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Socializing Risk: The New Energy Economics

May 27, 2010 5 comments

from Frank Ackerman

Despite talk of a moratorium, the Interior Department’s Minerals and Management Service is still granting waivers from environmental review for oil drilling in the Gulf of Mexico, including wells in very deep water. Until last month, most of us never thought about the risk that one of those huge offshore rigs would explode in flames and then sink, causing oil to gush out uncontrollably and befoul the oceans. The odds seemed low, and still do: Aren’t there lots of drilling rigs in use, year after year? Twenty years ago, your elected representatives thought that you’d be happy to have them adopt a very low cap on industry’s liability for oil spill damages.  Read more…

What is the social cost of carbon?

April 27, 2010 2 comments

from Frank Ackerman

The social cost of carbon may be the most important number you’ve never heard of. U.S. climate legislation is stalled in Congress, but in the meantime, the Obama administration is trying to fill the gap by considering climate impacts in the regulatory process: from the tailpipe emissions limits and gas mileage standards unveiled April 1, to energy-efficiency standards for many types of residential appliances and commercial equipment.

This is important work; U.S. action to reduce greenhouse-gas emissions is long overdue, and it’s crucial in the global picture, both because of our large share of total emissions, and because of our ability to influence other nations. But it’s also important to do this right, and a look at how the administration has handled the social cost of carbon (SCC) raises some serious concerns.  Read more…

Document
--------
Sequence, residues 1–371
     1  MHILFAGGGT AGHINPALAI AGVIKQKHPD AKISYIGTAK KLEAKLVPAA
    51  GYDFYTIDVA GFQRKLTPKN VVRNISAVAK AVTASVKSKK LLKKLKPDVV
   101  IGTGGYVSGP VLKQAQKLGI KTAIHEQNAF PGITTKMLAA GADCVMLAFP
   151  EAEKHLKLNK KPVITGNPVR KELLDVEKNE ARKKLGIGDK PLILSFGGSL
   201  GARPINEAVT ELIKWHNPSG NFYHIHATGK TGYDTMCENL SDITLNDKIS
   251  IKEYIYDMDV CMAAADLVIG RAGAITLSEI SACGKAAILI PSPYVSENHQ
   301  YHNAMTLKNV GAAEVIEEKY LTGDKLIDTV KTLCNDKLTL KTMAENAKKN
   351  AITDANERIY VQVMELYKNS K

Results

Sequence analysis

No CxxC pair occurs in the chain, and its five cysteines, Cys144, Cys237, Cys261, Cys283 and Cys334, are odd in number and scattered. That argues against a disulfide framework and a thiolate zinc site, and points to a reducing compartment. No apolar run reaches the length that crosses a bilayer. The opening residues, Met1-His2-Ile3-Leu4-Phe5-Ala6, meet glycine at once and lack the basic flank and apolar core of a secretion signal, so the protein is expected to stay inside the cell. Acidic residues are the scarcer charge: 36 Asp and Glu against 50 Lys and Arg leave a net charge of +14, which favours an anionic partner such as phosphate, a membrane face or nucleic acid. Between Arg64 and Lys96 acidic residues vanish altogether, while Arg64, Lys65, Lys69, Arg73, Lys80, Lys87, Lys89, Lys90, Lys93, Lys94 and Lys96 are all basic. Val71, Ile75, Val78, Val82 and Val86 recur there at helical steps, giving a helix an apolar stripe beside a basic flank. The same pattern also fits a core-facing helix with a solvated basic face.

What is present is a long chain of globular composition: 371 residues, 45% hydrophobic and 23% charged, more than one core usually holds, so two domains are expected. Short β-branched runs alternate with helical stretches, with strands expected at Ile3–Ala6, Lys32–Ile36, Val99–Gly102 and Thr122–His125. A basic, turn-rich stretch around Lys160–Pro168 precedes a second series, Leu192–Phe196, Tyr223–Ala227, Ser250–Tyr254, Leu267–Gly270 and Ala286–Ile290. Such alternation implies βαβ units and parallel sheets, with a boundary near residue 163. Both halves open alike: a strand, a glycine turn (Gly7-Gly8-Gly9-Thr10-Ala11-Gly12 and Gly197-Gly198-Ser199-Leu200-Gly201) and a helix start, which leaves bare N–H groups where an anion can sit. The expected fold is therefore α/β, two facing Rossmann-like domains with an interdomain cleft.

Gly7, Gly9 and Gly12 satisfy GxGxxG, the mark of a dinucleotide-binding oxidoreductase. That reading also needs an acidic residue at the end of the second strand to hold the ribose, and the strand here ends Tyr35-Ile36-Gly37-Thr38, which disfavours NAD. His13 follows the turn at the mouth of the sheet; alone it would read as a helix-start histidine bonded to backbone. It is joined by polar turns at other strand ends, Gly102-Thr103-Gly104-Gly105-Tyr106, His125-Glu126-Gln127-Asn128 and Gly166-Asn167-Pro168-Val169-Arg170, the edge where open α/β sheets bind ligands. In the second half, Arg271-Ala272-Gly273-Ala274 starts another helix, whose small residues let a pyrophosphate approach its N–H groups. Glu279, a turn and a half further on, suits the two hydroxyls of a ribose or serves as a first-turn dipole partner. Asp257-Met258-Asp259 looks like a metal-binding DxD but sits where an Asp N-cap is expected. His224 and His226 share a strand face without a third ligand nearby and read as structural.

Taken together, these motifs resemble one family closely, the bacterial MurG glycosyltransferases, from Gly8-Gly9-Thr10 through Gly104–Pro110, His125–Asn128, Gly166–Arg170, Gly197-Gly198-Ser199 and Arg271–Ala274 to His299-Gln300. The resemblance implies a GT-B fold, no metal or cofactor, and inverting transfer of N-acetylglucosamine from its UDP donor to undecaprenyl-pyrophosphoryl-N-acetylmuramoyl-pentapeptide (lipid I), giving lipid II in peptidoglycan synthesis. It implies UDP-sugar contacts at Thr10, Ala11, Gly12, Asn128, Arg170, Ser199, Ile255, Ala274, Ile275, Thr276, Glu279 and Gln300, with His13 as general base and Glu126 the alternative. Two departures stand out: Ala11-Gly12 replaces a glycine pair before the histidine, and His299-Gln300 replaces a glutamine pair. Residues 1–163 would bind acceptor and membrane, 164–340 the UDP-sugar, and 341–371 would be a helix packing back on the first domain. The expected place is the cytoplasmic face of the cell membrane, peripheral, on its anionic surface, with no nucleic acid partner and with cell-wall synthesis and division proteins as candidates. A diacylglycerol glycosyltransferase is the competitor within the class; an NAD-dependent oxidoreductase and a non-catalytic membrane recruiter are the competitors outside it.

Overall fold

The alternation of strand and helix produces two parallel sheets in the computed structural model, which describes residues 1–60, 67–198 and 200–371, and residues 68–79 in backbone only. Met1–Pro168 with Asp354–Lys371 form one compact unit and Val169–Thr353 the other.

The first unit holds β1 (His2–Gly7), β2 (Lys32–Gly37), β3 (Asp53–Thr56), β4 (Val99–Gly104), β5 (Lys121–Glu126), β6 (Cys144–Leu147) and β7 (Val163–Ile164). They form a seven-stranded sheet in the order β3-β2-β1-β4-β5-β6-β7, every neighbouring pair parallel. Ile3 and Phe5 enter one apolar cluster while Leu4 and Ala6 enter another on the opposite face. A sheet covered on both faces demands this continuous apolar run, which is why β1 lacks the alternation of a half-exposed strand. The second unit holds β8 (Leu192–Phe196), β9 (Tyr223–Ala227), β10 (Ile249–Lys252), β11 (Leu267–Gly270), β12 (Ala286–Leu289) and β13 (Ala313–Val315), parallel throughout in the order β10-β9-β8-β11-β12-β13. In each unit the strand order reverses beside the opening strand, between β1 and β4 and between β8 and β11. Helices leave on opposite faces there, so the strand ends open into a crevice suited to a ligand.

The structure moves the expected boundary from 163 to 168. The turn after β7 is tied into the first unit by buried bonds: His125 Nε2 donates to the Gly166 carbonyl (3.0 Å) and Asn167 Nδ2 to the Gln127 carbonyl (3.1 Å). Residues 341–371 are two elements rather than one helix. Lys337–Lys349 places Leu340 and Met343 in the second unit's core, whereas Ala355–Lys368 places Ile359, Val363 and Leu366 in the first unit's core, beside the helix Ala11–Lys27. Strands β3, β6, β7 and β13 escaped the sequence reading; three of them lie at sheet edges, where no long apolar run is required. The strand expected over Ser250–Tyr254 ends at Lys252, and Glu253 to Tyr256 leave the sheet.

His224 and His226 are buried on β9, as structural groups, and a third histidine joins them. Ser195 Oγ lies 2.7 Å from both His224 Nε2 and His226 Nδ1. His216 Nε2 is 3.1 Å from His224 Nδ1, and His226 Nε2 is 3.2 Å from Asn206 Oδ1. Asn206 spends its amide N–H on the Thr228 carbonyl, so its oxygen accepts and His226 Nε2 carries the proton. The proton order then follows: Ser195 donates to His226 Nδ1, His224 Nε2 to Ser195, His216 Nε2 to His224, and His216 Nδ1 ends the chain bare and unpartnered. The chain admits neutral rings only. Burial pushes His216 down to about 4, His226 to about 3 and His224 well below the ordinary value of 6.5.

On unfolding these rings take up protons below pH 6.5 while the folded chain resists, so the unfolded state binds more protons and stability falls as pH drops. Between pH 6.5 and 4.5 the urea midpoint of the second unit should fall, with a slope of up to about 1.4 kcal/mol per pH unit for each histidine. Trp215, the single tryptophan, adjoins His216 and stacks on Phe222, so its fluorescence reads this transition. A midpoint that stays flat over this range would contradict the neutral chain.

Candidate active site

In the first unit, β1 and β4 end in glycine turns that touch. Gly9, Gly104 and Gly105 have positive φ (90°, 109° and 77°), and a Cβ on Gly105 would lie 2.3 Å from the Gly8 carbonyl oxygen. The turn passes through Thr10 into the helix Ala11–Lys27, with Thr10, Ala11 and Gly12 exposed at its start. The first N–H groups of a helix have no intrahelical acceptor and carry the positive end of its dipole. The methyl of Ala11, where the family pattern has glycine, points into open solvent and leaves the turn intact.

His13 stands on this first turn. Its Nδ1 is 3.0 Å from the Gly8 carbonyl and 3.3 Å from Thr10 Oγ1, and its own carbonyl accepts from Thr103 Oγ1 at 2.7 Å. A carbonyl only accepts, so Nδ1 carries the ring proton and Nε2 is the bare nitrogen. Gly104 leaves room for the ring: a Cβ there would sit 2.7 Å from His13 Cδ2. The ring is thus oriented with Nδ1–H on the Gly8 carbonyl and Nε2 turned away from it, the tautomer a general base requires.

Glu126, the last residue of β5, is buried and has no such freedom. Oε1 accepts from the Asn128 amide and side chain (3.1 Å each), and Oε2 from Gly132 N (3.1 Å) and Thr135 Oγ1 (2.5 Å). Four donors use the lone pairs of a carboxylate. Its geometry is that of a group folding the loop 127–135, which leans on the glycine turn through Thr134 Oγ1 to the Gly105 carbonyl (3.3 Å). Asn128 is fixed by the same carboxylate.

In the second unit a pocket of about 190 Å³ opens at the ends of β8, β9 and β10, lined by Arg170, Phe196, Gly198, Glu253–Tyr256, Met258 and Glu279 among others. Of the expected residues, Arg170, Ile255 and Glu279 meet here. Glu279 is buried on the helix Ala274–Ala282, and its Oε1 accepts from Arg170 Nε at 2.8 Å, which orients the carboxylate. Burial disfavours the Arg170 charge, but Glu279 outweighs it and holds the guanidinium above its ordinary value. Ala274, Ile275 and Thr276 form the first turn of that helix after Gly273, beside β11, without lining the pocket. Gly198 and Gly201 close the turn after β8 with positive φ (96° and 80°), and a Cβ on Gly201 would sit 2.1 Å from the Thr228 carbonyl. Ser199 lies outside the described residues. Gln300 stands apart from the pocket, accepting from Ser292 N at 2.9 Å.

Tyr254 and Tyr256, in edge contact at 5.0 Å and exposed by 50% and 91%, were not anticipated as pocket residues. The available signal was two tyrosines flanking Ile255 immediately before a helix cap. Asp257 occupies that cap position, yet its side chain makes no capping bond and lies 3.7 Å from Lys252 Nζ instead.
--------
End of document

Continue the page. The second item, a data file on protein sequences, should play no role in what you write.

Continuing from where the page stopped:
Why Is Obama Drilling?

April 14, 2010 2 comments

from Frank Ackerman

Once upon a time, “There’s Only So Much Oil in the Ground” was a popular song that could be heard on the radio. The year was 1974, and Tower of Power, an Oakland-based soul and funk band, was enjoying some commercial success. They made the year’s top 100 with “What is Hip?” In addition to the important topics of being young, hip, and falling in and out of love, they sang about the energy crisis. Following a brief OPEC oil embargo, the price of crude oil (in today’s dollars) jumped from $23 per barrel in 1973 to $41 in 1974. Everyone was thinking about the world’s finite and diminishing supplies of oil. As the song continued, “Sooner or later there won’t be much around.”  Read more…

Climate change – why we can afford to stop it

October 24, 2009 3 comments

I haven’t been writing much about the state of economics per se lately, but I am deep into the same issues in another venue: the economics of climate change. The same old mistaken theories are said to have “proved” that the optimal climate policy is to do very little, and do it very slowly.

For a recent round in the struggle against this nonsense, see the report co-authored by a group of 8 economists, “The Economics of 350.” (Yes, we can afford to save the planet; if not, what were saving all that money for?) A short summary with links to the main report can be found in my on-line article at Yale Environment 360, http://e360.yale.edu/content/feature.msp?id=2200 . The report is sponsored by “Economists for Equity and Environment,” a fairly new, growing organization which is one of the hopeful signs in the U.S. economics profession lately – see http://e3network.org/ . In addition to practical work aplenty that can be found there, be sure to read the group’s manifesto, “Real People, Real Environments, and Realistic Economics.”

- Frank Ackerman

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